Proposed Nashville ordinance reduces pot penalties

NASHVILLE, Tenn. (AP) — An ordinance (proposed) in Nashville seeks to reduce the penalty for people caught possessing or exchanging small amounts of marijuana.

The Tennessean ( ) reports that under the new ordinance, people who possess or exchange a half-ounce of marijuana or less would face a civil penalty of $50. A court could also choose to suspend the civil penalty and order 10 hours of community service. Current state law calls for a misdemeanor charge punishable by up to a year behind bars and a $2,500 fine.

Metro Councilman Dave Rosenberg said the current law is time-consuming for police since they have to arrest people over a marijuana misdemeanor. He also called the current state law unproductive and “needlessly expensive.”

“This has been an issue that has been moving nationwide from Florida to Washington as our society has come to understand that the most harmful effect of marijuana is marijuana laws,” he said.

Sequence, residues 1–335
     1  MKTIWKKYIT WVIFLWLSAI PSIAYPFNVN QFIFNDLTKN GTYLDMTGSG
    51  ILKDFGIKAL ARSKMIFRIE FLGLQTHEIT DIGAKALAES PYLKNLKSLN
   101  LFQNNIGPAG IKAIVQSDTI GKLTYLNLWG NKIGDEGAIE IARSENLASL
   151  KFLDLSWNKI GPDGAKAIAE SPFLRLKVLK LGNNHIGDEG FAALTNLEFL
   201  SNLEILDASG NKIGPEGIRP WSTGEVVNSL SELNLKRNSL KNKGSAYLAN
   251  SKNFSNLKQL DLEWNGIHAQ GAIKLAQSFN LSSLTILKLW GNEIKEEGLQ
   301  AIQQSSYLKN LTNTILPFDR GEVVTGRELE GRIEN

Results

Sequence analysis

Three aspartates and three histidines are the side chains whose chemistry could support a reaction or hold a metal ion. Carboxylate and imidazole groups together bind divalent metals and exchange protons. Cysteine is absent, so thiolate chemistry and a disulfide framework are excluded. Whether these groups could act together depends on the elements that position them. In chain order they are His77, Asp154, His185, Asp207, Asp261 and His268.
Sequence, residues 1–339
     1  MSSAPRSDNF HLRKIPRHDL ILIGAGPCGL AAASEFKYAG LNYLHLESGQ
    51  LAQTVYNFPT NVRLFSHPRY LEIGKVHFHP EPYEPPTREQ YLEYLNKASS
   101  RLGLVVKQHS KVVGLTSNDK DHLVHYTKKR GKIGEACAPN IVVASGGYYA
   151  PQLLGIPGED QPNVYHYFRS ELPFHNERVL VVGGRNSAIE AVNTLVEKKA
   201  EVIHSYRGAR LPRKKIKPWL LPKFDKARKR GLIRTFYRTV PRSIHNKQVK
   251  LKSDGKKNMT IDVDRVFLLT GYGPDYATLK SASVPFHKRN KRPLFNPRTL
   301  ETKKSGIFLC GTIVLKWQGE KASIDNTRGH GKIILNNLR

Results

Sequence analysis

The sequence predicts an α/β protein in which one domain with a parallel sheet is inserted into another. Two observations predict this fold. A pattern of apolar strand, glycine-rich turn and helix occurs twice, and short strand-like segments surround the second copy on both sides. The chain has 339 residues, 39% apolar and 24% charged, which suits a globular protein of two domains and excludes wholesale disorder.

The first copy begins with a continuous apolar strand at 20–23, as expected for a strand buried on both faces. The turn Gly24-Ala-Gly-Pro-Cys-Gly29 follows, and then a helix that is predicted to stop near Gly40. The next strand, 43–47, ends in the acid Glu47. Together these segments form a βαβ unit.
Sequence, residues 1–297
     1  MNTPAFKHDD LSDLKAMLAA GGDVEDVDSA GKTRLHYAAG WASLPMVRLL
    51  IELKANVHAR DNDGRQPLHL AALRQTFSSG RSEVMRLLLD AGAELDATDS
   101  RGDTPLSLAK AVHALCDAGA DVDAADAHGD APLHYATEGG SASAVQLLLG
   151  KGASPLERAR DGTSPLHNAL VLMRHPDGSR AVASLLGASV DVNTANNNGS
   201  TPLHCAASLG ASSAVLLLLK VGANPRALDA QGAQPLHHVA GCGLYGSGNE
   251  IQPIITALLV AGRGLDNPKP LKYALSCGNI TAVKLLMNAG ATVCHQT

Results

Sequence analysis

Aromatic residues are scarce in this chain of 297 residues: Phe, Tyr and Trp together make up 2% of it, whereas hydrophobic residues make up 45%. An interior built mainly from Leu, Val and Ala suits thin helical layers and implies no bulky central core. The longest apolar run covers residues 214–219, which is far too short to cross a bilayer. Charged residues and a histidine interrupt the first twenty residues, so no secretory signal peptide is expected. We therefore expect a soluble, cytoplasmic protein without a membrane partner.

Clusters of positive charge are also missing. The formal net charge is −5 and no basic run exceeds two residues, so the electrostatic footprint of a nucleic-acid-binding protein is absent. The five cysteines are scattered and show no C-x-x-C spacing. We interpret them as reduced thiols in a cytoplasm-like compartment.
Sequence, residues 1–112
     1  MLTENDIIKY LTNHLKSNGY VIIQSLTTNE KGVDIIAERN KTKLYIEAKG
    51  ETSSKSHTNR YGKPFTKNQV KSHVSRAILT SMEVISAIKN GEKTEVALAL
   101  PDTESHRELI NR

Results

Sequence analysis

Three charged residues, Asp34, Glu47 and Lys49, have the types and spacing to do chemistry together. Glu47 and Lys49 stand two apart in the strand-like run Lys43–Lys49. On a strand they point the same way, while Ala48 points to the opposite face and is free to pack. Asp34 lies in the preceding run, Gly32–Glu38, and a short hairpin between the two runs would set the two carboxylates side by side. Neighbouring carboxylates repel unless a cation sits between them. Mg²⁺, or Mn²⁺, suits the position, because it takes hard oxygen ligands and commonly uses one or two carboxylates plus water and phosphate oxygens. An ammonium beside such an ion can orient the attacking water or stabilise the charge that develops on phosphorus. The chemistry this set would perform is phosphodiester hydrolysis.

Nashville police spokesman Don Aaron said the police department opposes the new law because the ordinance’s language removes discretion from officers.

Aaron noted a section of the ordinance that states that violators “shall” be issued a citation for a civil penalty. He said the use of the word “shall” removes discretion.

“There are situations where discretion is needed for law enforcement purposes,” he said. “There may be circumstances where an officer needs to keep something in the criminal realm.”

Nashville Mayor Megan Barry’s spokesman Sean Braisted said the mayor is reviewing the ordinance and is generally supportive of efforts to decriminalize small amounts of marijuana.

The city council will consider the ordinance on the first of three votes next week.